Beneath Elizabethan London, there is a hidden city, where the faerie queen Invidiana holds court. The deal she made with Queen Elizabeth long ago draw...moreBeneath Elizabethan London, there is a hidden city, where the faerie queen Invidiana holds court. The deal she made with Queen Elizabeth long ago draws mortal Michael Deven and fae Lady Lune, each seeking to gain knowledge and power, into a deadly web of political intrigue which tangles their fates and the fates of their courts together.
I liked Brennan's previous two books (_Doppelganger_ and _Warrior and Witch_, recently reissued as Warrior and Witch) a lot and have been looking forward to this one for a while -- it doesn't disappoint. Instead of using the Seelie vs. Unseelie Courts situation which is perhaps overly common in faerie-related fiction, Brennan has created a beautifully English-feeling fae court (with allusions to counterparts in other countries) which she weaves seamlessly into her excellent depiction of Elizabethan London. Similarly, she mixes her fictional characters nicely with historical people; I thought her portrayal of Queen Elizabeth especially convincing. In terms of complexity of setting and plot, particularly, I think this is a step up from _Warrior_ and _Witch_, and I really look forward to seeing Brennan's next book about the Onyx Court (which is apparently to be set around the time of the Great Fire).(less)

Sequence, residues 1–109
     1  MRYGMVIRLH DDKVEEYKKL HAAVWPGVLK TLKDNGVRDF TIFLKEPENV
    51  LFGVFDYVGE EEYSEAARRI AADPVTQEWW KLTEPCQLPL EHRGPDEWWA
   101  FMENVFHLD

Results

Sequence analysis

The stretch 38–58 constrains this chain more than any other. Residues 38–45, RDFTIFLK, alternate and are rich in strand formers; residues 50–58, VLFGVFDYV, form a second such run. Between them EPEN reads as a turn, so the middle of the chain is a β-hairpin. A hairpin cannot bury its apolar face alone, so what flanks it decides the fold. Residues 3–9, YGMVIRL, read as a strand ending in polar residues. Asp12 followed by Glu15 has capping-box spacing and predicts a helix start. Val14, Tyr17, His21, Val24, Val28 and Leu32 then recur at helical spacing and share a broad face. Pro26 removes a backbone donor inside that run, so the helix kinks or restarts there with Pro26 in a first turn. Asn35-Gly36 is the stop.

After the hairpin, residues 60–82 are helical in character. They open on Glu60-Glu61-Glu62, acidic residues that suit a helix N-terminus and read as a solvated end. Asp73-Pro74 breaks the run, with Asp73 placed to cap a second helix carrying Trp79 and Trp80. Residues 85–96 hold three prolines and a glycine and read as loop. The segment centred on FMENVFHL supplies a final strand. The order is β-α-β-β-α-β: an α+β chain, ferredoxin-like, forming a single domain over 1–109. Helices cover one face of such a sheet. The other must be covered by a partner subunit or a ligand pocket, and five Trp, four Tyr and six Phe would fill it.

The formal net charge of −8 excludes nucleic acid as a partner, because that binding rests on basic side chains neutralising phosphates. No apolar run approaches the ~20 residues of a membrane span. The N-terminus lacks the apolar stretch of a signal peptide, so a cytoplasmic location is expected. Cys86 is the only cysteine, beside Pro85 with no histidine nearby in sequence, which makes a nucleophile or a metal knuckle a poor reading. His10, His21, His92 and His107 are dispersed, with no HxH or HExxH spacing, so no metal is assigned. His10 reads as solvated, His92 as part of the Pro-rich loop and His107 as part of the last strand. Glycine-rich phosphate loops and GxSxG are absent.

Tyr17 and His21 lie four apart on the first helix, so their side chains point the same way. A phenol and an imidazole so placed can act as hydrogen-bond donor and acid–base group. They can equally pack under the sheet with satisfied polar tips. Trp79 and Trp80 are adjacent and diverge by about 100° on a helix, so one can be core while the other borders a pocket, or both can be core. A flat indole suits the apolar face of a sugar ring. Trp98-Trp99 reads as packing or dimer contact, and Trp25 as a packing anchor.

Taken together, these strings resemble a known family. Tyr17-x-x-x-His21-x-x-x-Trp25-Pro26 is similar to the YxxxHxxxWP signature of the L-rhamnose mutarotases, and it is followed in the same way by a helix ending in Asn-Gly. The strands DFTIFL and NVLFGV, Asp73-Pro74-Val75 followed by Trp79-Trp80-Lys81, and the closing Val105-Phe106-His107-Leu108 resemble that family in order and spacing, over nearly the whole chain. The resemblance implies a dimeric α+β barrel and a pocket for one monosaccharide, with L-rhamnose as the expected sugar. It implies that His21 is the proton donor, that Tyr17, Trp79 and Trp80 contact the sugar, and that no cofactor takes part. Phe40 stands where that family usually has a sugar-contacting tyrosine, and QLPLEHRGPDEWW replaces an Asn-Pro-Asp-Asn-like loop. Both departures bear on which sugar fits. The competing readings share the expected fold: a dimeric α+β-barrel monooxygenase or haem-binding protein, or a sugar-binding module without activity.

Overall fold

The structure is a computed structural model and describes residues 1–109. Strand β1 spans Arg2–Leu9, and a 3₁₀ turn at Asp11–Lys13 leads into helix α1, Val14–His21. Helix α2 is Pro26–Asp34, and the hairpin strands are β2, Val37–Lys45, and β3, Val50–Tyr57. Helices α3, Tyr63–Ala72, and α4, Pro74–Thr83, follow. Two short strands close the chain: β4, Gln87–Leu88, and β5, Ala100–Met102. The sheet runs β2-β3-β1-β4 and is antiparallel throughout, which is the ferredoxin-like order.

**spoiler alert** Tommaso de Befanini is destined to be a great cook. His family have been cooks for generations, working in the households of astrolo...more**spoiler alert** Tommaso de Befanini is destined to be a great cook. His family have been cooks for generations, working in the households of astrologer Cosimo Ruggiero and of the Medici family. But when he's pulled into intrigue surrounding the young Duchessina, Caterina de' Medici, his horizons expand more than he could have imagined, as his life is intertwined with hers.
I loved Roessner's evocation of Renaissance Florence: the people (real and imaginary), the sights, the smells, and most of all the tastes. The food descriptions are absolutely mouth-watering. I also loved her use of kitchen and hearth magic; the astrologers do magic as well, but it's the homely sort I really found entrancing, the magic worked by Tommaso's mother Piera.
There was one thing that bothered me quite a bit about the book, though, which was Tommaso's sexual relationship with a much older man. Possibly this would have been less squicky in that time period, but what can I say, I found it unsettling and had to think of Tommaso as older in order for it not to bother me too much.(less)
I didn't know before I started reading The Stars Dispose that there was a sequel, but I managed to find The Stars Compel and read it fairly quickly. I...moreI didn't know before I started reading The Stars Dispose that there was a sequel, but I managed to find The Stars Compel and read it fairly quickly. It was still pretty good, but I didn't enjoy it as much, largely because it focused more on political intrigue than on the kitchen and hearth magic which I thought was such a strong feature of the first book. Apparently, Roessner planned a third book, which hasn't yet materialized; I wish it would, because like the first book, The Stars Compel doesn't exactly wrap up all the plot threads.(less)